Multiracial people or mixed-race people is defined as made up of or relating to people of many races. Individuals of multiracial backgrounds make up a significant portion of the population in many parts of the world. In North America , studies have found that the multiracial population is continuing to grow. In many countries of Latin America , mestizos make up the majority of the population. While defining race is controversial ,  race remains a commonly used term for categorization. Insofar as race is defined differently in different cultures, perceptions of multiraciality will naturally be subjective.
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Like all middle-schoolers Ferguson had crushes and wanted to be popular. It was the first time she realized that people are different colors—and receive different treatment because of that. For many biracial people, that understanding can be both elusive and arbitrary. From checking boxes on forms to fulfilling quotas, race is used to define and control so many aspects of everyday life. And biracial people are constantly faced with a choice. Biracial women who struggle with their own identity may feel an overwhelming outside pressure for racial clarity. Nearly two-thirds of people with a mixed-race background do not identify as multi- or biracial, according to a Pew Research Center study of Americans with at least two races in their background.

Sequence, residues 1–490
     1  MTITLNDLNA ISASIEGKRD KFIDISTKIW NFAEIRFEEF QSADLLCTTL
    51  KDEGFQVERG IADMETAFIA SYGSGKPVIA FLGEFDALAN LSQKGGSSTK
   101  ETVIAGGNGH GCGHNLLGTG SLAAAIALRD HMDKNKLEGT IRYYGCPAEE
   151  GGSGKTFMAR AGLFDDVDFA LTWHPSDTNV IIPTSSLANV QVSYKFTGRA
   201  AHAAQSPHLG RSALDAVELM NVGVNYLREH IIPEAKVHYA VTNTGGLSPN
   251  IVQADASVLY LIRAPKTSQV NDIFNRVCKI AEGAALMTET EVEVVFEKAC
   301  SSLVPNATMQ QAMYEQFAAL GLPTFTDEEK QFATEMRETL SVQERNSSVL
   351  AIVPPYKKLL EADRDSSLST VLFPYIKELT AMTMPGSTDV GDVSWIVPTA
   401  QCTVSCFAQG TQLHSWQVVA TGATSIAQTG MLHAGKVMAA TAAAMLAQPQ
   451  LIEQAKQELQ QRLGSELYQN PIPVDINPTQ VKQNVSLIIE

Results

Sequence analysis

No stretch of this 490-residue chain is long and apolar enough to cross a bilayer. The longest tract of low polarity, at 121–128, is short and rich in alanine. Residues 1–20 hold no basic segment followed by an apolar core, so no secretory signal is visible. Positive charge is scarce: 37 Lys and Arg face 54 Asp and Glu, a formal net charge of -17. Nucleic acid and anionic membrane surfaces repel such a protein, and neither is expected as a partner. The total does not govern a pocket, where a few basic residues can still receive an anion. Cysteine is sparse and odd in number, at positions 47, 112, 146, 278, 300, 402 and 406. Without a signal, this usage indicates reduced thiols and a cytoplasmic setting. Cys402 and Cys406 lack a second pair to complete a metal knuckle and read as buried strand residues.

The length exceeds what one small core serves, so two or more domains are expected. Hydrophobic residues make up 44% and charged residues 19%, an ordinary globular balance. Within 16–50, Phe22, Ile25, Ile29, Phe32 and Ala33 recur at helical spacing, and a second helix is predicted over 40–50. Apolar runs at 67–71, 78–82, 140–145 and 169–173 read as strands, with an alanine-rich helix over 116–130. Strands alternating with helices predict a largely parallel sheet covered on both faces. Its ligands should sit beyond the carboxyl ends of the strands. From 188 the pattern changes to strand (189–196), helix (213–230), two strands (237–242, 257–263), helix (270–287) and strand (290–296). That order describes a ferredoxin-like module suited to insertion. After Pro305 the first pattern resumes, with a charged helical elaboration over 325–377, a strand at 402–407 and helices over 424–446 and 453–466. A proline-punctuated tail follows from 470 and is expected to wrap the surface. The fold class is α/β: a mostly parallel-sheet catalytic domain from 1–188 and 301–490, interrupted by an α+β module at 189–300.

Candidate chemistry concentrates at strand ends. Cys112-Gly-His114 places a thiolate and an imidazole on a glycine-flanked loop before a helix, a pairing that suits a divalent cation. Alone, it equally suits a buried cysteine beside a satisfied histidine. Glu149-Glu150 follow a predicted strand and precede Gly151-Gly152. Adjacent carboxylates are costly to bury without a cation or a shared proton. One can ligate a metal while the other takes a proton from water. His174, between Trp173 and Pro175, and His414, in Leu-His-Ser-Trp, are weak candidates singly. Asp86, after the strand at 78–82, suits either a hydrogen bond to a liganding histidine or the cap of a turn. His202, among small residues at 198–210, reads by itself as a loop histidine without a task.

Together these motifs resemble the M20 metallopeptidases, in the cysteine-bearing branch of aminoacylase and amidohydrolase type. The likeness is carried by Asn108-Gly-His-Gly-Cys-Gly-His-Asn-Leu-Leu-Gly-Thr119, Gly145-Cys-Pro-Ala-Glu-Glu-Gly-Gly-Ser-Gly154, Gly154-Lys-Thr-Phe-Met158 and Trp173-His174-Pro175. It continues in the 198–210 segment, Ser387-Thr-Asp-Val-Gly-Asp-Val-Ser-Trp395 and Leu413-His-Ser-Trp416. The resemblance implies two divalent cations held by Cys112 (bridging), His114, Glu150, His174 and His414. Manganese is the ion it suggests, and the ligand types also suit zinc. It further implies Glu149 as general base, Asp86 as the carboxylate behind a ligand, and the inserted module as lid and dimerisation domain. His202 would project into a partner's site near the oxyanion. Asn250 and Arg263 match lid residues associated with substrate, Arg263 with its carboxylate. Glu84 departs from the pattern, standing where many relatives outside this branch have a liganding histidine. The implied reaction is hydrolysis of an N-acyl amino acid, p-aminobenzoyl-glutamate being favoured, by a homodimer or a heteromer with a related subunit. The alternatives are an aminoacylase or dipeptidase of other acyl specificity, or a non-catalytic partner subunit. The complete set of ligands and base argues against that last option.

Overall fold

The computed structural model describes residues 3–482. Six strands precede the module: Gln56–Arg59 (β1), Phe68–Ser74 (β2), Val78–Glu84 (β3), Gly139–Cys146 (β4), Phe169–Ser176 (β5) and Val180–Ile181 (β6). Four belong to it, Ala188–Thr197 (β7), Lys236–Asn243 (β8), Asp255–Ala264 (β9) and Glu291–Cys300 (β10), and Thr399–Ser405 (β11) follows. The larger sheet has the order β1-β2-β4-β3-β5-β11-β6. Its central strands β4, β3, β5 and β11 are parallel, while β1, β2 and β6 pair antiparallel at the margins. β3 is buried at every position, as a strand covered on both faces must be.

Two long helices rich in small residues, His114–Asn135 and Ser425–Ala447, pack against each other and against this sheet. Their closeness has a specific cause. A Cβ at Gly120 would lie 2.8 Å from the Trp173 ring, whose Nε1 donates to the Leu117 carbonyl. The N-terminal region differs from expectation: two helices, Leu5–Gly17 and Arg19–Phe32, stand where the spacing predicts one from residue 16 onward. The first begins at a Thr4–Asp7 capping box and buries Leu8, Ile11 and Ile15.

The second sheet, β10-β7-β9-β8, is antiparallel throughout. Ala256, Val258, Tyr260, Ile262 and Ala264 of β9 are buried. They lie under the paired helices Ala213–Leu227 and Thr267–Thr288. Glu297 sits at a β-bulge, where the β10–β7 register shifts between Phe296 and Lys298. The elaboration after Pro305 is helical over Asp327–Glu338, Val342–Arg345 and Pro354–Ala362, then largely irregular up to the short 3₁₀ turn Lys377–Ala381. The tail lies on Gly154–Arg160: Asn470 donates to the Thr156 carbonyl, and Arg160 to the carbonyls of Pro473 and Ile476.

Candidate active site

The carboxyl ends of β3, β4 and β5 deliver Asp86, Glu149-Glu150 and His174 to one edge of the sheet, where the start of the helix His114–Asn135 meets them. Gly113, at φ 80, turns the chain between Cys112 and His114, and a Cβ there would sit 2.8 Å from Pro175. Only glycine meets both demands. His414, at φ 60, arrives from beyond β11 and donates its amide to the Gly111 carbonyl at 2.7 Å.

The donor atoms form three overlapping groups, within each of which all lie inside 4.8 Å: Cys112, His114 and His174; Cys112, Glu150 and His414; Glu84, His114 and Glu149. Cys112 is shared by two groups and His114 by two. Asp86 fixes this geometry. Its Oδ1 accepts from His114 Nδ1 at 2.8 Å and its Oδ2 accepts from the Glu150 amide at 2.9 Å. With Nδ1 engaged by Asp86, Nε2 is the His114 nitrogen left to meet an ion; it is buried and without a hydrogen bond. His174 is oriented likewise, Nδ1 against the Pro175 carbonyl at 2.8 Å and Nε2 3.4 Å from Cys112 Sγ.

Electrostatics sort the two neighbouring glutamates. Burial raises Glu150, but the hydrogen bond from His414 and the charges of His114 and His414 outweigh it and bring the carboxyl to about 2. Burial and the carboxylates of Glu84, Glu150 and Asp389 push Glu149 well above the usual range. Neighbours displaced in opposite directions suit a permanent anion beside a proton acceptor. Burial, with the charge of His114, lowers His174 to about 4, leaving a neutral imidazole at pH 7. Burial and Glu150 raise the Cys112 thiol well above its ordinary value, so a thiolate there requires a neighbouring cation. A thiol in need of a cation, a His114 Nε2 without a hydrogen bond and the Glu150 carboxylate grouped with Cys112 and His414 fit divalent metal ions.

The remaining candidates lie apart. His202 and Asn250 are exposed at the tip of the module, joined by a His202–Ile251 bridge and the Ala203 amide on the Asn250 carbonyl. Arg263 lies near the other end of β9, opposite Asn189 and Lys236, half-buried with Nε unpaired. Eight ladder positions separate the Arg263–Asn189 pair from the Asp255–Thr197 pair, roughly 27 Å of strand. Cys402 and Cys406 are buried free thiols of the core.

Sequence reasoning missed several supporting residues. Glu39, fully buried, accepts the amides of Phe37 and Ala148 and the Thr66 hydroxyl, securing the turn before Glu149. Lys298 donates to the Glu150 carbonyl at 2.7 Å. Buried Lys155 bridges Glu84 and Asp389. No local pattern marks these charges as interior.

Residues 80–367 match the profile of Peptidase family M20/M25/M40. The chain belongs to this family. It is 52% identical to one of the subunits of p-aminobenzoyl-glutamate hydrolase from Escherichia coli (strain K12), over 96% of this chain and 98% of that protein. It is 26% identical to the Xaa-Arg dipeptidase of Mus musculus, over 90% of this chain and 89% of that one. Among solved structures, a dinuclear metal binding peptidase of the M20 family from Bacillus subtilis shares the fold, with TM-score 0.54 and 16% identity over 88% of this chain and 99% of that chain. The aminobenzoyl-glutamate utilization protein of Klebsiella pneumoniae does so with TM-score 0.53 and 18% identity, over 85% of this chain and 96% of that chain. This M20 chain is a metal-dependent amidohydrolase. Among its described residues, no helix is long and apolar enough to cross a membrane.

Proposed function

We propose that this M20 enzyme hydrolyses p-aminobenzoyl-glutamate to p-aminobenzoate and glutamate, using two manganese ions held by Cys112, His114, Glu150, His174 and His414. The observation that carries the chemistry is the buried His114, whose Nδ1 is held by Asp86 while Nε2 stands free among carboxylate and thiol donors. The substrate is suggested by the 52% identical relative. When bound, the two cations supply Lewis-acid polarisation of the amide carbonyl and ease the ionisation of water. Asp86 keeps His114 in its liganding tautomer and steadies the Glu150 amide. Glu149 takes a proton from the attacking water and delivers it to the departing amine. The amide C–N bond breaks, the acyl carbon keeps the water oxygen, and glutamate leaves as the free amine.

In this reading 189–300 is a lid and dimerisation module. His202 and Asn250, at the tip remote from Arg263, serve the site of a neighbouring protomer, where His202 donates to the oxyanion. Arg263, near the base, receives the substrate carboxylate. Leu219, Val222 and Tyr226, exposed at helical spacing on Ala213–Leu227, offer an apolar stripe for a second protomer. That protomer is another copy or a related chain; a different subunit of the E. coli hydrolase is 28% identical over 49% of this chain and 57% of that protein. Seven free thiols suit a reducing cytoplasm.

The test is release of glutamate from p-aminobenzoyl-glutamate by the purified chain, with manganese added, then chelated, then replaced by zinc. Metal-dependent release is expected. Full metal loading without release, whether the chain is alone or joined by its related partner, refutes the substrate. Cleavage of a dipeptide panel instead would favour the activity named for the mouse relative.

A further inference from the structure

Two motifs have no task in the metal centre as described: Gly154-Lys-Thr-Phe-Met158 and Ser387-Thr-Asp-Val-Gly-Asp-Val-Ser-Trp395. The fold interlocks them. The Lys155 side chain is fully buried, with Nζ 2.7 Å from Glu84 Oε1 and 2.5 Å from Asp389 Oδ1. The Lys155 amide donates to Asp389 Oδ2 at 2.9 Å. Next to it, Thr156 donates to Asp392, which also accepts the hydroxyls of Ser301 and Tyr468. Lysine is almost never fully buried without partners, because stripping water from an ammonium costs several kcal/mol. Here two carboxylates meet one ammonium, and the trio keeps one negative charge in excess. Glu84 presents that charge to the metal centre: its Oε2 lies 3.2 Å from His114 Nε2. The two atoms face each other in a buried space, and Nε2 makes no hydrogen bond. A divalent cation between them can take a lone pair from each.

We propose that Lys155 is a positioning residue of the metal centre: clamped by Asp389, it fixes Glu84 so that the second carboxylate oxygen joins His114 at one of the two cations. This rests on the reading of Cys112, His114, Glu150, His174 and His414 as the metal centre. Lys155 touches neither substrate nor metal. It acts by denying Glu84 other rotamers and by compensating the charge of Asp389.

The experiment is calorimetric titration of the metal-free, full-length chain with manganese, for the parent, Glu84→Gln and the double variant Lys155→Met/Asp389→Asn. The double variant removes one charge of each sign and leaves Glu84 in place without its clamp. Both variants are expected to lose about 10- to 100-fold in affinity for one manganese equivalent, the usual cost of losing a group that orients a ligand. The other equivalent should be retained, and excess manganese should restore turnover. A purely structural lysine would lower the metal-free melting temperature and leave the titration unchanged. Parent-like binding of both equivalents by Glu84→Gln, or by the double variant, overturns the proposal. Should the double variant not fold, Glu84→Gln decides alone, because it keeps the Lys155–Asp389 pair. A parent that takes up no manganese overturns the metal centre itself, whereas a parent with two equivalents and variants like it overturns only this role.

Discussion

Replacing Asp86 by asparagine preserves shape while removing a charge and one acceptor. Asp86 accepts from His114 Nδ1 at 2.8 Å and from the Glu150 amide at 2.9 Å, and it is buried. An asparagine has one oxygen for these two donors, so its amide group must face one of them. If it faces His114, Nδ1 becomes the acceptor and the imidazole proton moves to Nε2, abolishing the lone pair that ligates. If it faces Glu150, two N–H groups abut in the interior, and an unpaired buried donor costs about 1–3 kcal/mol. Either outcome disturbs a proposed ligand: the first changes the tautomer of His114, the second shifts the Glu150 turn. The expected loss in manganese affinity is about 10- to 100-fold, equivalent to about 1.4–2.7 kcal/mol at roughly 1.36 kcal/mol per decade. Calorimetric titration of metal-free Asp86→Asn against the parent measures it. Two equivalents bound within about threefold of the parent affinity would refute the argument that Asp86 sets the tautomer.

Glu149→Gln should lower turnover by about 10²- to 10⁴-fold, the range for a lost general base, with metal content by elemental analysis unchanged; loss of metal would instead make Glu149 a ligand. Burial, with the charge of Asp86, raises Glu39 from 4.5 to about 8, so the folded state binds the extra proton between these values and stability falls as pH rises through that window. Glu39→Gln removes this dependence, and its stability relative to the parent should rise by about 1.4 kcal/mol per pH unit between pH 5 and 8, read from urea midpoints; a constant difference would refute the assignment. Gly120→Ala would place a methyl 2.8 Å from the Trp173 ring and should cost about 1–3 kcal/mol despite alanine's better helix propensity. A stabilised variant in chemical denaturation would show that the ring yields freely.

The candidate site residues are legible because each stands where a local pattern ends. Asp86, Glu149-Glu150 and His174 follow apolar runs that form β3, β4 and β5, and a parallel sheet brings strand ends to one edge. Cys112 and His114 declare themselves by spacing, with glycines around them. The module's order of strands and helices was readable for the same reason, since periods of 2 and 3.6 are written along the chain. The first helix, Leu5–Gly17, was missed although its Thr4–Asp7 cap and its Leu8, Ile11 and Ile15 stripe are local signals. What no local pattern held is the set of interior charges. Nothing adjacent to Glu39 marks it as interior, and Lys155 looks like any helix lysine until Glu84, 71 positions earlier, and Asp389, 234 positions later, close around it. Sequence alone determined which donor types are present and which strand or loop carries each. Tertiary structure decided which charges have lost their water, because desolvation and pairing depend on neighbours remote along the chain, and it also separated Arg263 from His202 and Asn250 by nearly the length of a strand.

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As the nation has become more diverse, increasing numbers of Americans belong to more than one racial group. In , just one in a hundred babies born was multiracial; these days, the share has climbed to one in ten. This makes it critical for organizations—and the researchers who study them—to understand how multiracial individuals perceive themselves in terms of race, as well as how they are perceived by others. Being perceived as belonging, or not belonging, to a particular group can affect well-being. An organization might categorize a multiracial person a certain way for diversity quotas, for instance—but if she does not identify with that minority, the categorization may make her feel constrained or stereotyped.
In modern culture, the term afro-caucasian has been used to formalize and align the ethnic designation with that of other afro-ethnicities. The English term and spelling mulatto is derived from the Spanish and Portuguese mulato. Jack D. Forbes suggests it originated in the Arabic term muwallad , which means "a person of mixed ancestry". Walad means, "descendant, offspring, scion; child; son; boy; young animal, young one".